·         Noted that people were not using off-street parking owing to uncertain economic times caused by Brexit. 

·         Noted that the Future Guildford project had secured £400,000 of additional funds for the Council.

·         In relation to the variance in investor saving, it was noted that the Council had to pump prime to deliver savings down the line.  The purpose of the reserve was to deliver savings.  Had £814,000 available throughout the year but had only used £163,000, so a good saving had been achieved overall.

·         Considered the definition of an in-house investment and noted that at the end of the last financial year £5 million pounds worth of funds had been disposed of which was transferred around different accounts so to make best use of it. 

·         Queried why from 2020 no S106 funding had been factored in and whether that needed to be revisited?  It was confirmed that it was difficult to provide a projection of funding achieved by S106 contributions as no standard charge was applied across the borough.  Instead, S106 monies were dependent upon negotiations with developers and what could be achieved on specific sites.

·         Concerned that the Council had borrowed a lot of money and was not clear from the report which big projects had been paid for?  The Committee was referred to the liability benchmark graph, based upon what was in the capital programme at the time, an assumption of £10 million pounds worth of capital projects was made.  Borrowing on the general fund had only been undertaken in the last few years.  G-Live for example had been paid for out of capital reserves and receipts.  The main source of debt was in relation to the Housing Revenue  ...  view the full minutes text for item CGS25


Freedom of Information Compliance Update pdf icon PDF 262 KB

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The Committee received a report which considered the Council’s performance in dealing with Freedom of Information (FOI) and Environmental Regulations (EIR) requests. 


The Committee noted that in 2019, as of 30 June there had been:


·         396 Freedom of Information/Environmental Information requests, of which

·         378 were dealt with under the Freedom of Information Act 2000 (FOI)

·         18 were dealt with under the Environmental Information Regulations 2004 (EIRs)


As at 19 September 2019, the total number of FOI requests received was 650, and annually the Council expected to receive between 700-800 requests in total.  The Council’s performance rate for delivery of FOIs/EIRs currently stood at 93.5% and had exceeded the Key Performance Indicator (KPI) of 90% set by the Corporate Management Team had therefore been exceeded.  92% was the figure for this time last year.  Finance had received the most requests with a total of 109 which equated to 30% of the total requests received.  The best performing directorate was Planning with 100% of requests being answered within the 20-working day time scale.  Out of the 30 service areas which received FOI/EIR requests during the period covered, 18 had responded to 100% of requests in time which meant that 60% of service areas had a 100% FOI compliance rate.  Of the service areas, Planning and Business Rates received the most requests with 48 and 41 each respectively.  Both areas also scored an impressive 100% compliance rate.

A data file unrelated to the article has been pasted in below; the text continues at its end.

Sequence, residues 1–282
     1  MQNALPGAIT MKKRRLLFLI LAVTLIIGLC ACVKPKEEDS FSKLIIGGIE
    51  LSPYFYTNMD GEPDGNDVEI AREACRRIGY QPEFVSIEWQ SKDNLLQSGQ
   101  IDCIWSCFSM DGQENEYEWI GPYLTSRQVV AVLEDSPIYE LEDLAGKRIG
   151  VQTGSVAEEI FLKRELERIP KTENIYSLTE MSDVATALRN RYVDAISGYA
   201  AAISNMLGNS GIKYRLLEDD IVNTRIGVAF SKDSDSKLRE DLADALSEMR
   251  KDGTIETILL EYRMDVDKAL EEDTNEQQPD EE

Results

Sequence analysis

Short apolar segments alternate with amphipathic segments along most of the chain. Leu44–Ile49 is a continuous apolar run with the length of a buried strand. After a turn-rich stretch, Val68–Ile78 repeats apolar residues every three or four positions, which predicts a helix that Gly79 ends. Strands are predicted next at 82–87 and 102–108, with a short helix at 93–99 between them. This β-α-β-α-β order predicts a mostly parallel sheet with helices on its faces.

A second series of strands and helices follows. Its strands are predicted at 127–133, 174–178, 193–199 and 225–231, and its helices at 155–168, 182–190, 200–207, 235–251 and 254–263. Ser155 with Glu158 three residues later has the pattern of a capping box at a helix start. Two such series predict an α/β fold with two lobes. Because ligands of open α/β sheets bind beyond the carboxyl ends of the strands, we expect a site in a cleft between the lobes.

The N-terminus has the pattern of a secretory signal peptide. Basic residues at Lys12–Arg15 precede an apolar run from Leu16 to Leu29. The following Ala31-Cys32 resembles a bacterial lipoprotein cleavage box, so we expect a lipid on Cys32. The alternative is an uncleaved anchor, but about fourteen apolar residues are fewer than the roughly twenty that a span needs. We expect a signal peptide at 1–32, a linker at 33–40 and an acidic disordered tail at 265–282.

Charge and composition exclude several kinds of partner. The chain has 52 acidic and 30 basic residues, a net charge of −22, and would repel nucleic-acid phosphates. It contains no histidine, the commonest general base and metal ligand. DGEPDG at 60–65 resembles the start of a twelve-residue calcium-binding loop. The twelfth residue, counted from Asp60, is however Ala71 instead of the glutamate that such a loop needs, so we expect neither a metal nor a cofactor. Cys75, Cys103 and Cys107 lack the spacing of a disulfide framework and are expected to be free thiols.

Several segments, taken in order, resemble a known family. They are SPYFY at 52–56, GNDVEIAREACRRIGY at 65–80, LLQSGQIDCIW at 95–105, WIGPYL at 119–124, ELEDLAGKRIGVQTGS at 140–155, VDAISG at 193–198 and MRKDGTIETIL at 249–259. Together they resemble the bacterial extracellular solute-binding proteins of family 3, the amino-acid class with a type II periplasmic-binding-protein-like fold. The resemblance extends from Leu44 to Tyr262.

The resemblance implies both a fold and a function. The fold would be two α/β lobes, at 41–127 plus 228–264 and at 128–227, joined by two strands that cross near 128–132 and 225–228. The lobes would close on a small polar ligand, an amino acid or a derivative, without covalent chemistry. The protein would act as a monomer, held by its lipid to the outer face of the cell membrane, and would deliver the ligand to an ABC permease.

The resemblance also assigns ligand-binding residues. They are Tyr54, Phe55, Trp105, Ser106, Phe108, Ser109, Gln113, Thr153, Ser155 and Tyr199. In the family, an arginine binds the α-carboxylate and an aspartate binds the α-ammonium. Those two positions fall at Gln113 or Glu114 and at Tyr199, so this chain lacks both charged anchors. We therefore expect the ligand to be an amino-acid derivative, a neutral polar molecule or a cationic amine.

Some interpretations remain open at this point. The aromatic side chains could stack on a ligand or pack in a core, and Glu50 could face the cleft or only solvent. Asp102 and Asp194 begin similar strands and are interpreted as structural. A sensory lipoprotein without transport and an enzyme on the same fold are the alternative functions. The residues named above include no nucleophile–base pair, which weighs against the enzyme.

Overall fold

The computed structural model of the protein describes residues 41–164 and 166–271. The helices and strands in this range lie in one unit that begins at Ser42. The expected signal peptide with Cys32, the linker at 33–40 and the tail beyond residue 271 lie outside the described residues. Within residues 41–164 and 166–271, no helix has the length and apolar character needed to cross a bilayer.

The most frequently used exemption under the Freedom of Information Act was section 21 (which applied when the requested information was available by other means), which was used on 37 occasions to date this calendar year.  Most of the requests were for information already published on the Council’s website. 


A section 31 was the next most commonly applied exemption, when the request consisted partially or completely of personal data which was used 13 times. 


A total of eight FOI/EIR requests so far this year had gone to internal review stage.  In seven of those cases, the original decision was either partly or completely upheld. 


The Committee made the following comments:


·         If the public were unhappy with the response received from the Council, noted that the Independent Commissioners Office (ICO) was the independent body by which an appeal could be made.

·         Noted that Financial Services and Fleet and Waste Services had achieved  69% and 65% response rate.  This was dependent upon the complexity of the queries raised and an average of 3 queries were raised per day. 


Having considered the report, the Committee


RESOLVED: That it noted the officer actions and continued to receive six monthly updates.


Reason for Recommendation:

To ensure the Council continued to meet and, wherever possible, exceed the 90% compliance target.